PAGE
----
2. Why trees?
Trees proximities
Missing value fill-in
Outlier detection
Illuminating pictures of the data (clusters, structure,
outliers)
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The RF Predictor
A case in the training data is not in the bootstrap sample for about
one third of the trees (we say the case is out of bag or oob).
Vote (or average) the predictions of these trees to give the RF
predictor.
The oob error rate is the error rate of the RF predictor.
The oob confusion matrix is obtained from the RF predictor.
For new cases, vote (or average) all the trees to get the RF
predictor.

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The RF Predictor
For example, suppose we fit 1000 trees, and a case is
out-of-bag in 339 of them, of which:
283 say class 1
56 say class 2
The RF predictor for this case is class 1.
The oob error gives an estimate of test set error
(generalization error) as trees are added to the ensemble.

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RFs do not overfit as we fit more trees

Oob
test

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RF handles thousands of predictors


Ramn Daz-Uriarte, Sara Alvarez de Andrs
Bioinformatics Unit, Spanish National Cancer Center
March, 2005 http://ligarto.org/rdiaz
Compared

SVM, linear kernel


KNN/crossvalidation (Dudoit et al. JASA 2002)
DLDA
Shrunken Centroids (Tibshirani et al. PNAS 2002)
Random forests

Given its performance, random forest and variable selection


using random forest should probably become part of the
standard tool-box of methods for the analysis of microarray
data.
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88

Microarray Datasets

September 15-17, 2010

Data
Leukemia

# Classes

3051

38

Breast 2

4869

78

Breast 3

4869

96

NCI60

5244

61

Adenocar

9868

76

Brain

5597

42

Colon

2000

62

Lymphoma 4026 62
Prostate
6033 102
Srbct
2308 63

Ovronnaz, Switzerland

2
4
89

Microarray Error Rates


Data
Leukemia
Breast 2
Breast 3
NCI60
Adenocar
Brain
Colon
Lymphoma
Prostate
Srbct
Mean
September 15-17, 2010

SVM

KNN

DLDA

SC

RF

rank

.014

.029

.020

.025

.051

.325

.337

.331

.324

.342

.380

.449

.370

.396

.351

.256

.317

.286

.256

.252

.203

.174

.194

.177

.125

.138

.174

.183

.163

.154

.147

.152

.137

.123

.127

.010

.008

.021

.028

.009

.064

.100

.149

.088

.077

.017

.023

.011

.012

.021

.155

.176

.170

.159

.151

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RF handles thousands of predictors


Add noise to some standard datasets and see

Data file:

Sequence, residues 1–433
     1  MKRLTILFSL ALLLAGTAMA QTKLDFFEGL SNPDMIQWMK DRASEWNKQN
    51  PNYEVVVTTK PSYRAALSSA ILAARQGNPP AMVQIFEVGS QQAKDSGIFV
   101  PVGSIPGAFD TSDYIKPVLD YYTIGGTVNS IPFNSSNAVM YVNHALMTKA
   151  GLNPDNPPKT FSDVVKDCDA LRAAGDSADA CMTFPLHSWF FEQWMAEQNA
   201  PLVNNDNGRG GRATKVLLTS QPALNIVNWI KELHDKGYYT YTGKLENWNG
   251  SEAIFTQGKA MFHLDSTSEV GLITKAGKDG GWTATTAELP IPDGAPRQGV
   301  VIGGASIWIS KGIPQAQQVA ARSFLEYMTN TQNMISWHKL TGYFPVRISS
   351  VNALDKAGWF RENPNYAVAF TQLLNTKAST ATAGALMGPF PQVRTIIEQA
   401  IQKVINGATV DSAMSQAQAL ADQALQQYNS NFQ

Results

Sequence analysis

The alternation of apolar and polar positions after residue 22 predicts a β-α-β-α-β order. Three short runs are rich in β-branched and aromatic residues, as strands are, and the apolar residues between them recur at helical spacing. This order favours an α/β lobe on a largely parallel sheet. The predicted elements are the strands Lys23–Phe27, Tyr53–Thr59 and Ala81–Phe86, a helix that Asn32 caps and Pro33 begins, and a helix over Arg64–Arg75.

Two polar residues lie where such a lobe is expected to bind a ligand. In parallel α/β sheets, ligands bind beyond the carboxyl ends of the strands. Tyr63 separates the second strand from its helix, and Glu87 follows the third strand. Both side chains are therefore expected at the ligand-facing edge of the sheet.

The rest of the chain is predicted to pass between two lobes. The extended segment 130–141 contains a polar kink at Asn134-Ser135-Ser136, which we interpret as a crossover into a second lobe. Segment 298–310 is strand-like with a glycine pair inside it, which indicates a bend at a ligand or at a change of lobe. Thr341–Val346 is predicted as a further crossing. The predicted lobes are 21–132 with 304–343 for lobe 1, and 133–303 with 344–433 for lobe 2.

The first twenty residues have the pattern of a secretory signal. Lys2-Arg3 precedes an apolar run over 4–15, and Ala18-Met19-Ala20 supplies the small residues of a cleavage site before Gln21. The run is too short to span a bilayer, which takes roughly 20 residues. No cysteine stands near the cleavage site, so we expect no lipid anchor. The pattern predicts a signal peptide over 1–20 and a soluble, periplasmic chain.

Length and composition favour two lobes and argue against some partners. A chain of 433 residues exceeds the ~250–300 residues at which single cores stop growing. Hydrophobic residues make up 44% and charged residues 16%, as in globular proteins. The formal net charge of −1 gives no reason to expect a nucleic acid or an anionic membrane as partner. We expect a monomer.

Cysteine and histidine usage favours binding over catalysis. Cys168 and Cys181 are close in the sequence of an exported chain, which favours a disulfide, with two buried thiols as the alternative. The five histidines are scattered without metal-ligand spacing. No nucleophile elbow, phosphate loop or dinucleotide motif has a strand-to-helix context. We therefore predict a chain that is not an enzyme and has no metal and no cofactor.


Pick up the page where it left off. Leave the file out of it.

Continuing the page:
how well Random Forests:
predicts
detects the important variables

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91

RF error rates (%)


No noise
added
Dataset
breast

Error rate

10 noise variables
Error rate

Ratio

100 noise variables


Error rate

Ratio

3.1

2.9

0.93

2.8

0.91

diabetes

23.5

23.8

1.01

25.8

1.10

ecoli

11.8

13.5

1.14

21.2

1.80

german

23.5

25.3

1.07

28.8

1.22

glass

20.4

25.9

1.27

37.0

1.81

image

1.9

2.1

1.14

4.1

2.22

iono

6.6

6.5

0.99

7.1

1.07

liver

25.7

31.0

1.21

40.8

1.59

sonar

15.2

17.1

1.12

21.3

1.40

5.3

5.5

1.06

7.0

1.33

25.5

25.0

0.98

28.7

1.12

votes

4.1

4.6

1.12

5.4

1.33

vowel

2.6

4.2

1.59

17.9

6.77

soy
vehicle

September 15-17, 2010

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92

RF error rates
Error rates (%)

Number of noise variables

Dataset

No noise
added

10

100

1,000

10,000

breast

3.1

2.9

2.8

3.6

8.9

glass

20.4

25.9

37.0

51.4

61.7

votes

4.1

4.6

5.4

7.8

17.7

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Outline
Background.
Trees.
Bagging predictors.
Random Forests algorithm.
Variable importance.
Proximity measures.
Visualization.
Partial plots and interpretation of effects.
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Variable Importance
RF computes two measures of variable importance,
one based on a rough-and-ready measure (Gini for
classification) and the other based on permutations.
To understand how permutation importance is
computed, need to understand local variable
importance. But first

September 15-17, 2010

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RF variable importance
10 noise variables
Dataset

Number in
top m

Percent

100 noise variables


Number in
top m

Percent

breast

9.0

100.0

9.0

100.0

diabetes

7.6

95.0

7.3

91.2

ecoli

6.0

85.7

6.0

85.7

24

20.0

83.3

10.1

42.1

glass

8.7

96.7

8.1

90.0

image

19

18.0

94.7

18.0

94.7

ionosphere

34

33.0

97.1

33.0

97.1

5.6

93.3

3.1

51.7

sonar

60

57.5

95.8

48.0

80.0

soy

35

35.0

100.0

35.0

100.0

vehicle

18

18.0

100.0

18.0

100.0

votes

16

14.3

89.4

13.7

85.6

vowel

10

10.0

100.0

10.0

100.0

german

liver

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96

RF error rates
Number in top m
Dataset

Number of noise variables


10

100

1,000

10,000

breast

9.0

9.0

glass

8.7

8.1

votes

16

14.3

13.7

13

13

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97

Local Variable Importance


We usually think about variable importance as an
overall measure. In part, this is probably because we